In the United States, there are official commemorative ceremonies planned in all 50 states. Thousands gathered for a ceremony in Madison Square Garden in New York City Wednesday night, and in Philadelphia's Civic Center next Sunday there will be a "commemoration through the performing arts" with James Earl Jones, F. Murray Abraham, Martina Arroyo, the Singing City Choir and others as part of a three-day American Gathering of Jewish Holocaust Survivors.

In Israel yesterday, where this year the Knesset had designated April 18 as the annual Yom Hashoah -- "Day of the Holocaust" -- traffic stopped and citizens stood at attention, heads bowed, as air raid sirens signaled two minutes of silence.

In the Rotunda yesterday, Sen. Claiborne Pell (D-R.I.) said monstrosities like those of the Nazi camps must be stopped "by all of us not standing by when we see the start of evil."

Six candles were lit for the 6 million dead. A man in the audience, representing Gypsy Holocaust victims, lit a seventh candle and held it aloft for a time. Gypsy spokesman Danny Bimbolet of Boston said in an interview yesterday that a Gypsy representative should be included on the Holocaust Council. Talisman said the members are presidentially appointed and that efforts are being made to include a Gypsy member.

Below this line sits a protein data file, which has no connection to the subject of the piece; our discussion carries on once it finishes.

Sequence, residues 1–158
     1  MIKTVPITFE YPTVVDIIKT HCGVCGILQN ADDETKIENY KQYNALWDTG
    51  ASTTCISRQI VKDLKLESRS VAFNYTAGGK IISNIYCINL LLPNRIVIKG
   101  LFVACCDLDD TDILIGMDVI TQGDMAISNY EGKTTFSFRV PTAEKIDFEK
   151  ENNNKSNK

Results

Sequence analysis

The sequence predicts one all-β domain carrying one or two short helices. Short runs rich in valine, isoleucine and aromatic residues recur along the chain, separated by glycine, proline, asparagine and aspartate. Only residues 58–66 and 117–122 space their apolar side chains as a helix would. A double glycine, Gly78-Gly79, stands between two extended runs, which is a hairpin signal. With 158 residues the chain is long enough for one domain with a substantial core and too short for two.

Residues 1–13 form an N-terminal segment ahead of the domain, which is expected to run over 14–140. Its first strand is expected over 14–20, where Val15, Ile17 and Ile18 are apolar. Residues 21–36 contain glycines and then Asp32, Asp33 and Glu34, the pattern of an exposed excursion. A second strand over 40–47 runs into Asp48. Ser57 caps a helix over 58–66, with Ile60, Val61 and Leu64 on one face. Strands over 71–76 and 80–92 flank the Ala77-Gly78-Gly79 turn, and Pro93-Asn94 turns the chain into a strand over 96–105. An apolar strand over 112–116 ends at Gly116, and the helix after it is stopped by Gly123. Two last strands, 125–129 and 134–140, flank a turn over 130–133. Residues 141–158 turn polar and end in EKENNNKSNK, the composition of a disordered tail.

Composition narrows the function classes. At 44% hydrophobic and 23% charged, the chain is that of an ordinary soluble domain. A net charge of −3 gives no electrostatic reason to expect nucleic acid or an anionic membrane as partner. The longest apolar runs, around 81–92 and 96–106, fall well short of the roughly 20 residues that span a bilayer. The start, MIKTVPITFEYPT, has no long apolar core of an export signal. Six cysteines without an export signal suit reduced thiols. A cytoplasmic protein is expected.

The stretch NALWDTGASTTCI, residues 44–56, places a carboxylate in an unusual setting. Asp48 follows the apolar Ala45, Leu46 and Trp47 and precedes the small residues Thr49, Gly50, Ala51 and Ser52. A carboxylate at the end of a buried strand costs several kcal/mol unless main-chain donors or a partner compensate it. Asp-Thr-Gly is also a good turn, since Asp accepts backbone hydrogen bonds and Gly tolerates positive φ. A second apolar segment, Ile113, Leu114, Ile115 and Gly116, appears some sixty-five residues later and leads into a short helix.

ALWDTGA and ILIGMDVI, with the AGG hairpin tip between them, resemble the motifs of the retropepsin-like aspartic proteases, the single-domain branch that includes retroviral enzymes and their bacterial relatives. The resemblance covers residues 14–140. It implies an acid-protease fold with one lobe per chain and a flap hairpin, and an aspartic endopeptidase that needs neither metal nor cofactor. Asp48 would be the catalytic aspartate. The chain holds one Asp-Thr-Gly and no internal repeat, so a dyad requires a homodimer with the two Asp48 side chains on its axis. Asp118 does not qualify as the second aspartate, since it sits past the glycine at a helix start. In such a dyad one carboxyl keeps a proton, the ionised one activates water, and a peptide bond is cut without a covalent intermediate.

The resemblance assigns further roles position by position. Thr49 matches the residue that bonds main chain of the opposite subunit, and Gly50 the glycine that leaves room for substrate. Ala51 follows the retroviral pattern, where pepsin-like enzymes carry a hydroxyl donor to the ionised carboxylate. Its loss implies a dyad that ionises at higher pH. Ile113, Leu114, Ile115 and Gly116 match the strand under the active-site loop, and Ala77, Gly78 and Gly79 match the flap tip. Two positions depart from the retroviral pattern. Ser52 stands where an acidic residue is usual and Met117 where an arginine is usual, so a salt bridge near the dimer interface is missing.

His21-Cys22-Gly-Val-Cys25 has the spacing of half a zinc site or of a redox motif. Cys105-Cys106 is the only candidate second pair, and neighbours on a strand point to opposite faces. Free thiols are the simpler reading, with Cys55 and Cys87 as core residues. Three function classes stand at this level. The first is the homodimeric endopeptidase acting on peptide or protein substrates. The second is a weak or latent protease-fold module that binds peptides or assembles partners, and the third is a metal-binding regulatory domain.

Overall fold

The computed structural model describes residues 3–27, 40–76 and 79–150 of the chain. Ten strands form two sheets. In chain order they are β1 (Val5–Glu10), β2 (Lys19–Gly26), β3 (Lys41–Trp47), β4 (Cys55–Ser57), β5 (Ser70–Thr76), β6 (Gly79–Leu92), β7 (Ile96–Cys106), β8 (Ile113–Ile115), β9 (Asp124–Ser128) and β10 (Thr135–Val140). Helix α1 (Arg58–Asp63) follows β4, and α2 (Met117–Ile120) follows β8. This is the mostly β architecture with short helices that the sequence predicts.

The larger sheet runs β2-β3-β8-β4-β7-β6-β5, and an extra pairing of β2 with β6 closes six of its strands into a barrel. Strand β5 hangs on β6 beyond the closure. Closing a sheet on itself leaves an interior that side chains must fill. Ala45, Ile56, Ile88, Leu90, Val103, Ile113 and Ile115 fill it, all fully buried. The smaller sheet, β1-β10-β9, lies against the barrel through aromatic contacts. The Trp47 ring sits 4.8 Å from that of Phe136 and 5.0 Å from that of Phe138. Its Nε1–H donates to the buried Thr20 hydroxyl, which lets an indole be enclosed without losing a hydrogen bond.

Wiesel attacked the Soviet Union for anti-Semitism, saying that "the word 'Jew' hardly appears" at death camp sites in the Soviet bloc countries. "Shame on Moscow," he said, "shame on the Communist rulers of East Germany, for they twist and falsify history."

Shultz in his speech said that Nazism "dealt an almost devastating blow to all our most fundamental hopes for the modern world. Those who prior to the war had maintained their faith in the possibility of human progress, in the idea that with high culture and high civilization would come the end of man's inhumanity to man . . . were stunned by the Holocaust."

Guests at the Rotunda yesterday also included Sen. Paula Hawkins (R-Fla.); Reps. Bill Green (R-N.Y.), Stephen J. Solarz (D-N.Y.) and Sam Gejdenson (D-Conn.), the son of a Holocaust survivor; Interior Secretary Donald P. Hodel; and a large number of scholars, theologians and other dignitaries who are members of the Holocaust Council.

Controversy over Reagan's trip has touched the many events of the Days of Remembrance this year. Concentration camp survivors and others condemned the Bitburg visit at a museum fund-raising reception here Wednesday night. At a remembrance breakfast yesterday in the Dirksen Senate Office Building, Sen. Frank R. Lautenberg (D-N.J.) gave a speech linking Reagan's proposed cemetery visit to forgetting and even "denial" of the Holocaust.

"The president inadvertently would contribute to that denial if he fails to visit a concentration camp site -- not a synagogue -- but a concentration camp site, and eliminate the stop at the cemetery," said Lautenberg. " . . . Whatever bizarre good could come of it is offset by the fact that he pays tribute to murderers."

Before yesterday's ceremony, Wiesel said of Reagan, "It is not a contest. We are not on different sides . . . but there is no reconciliation with the SS. There can never be."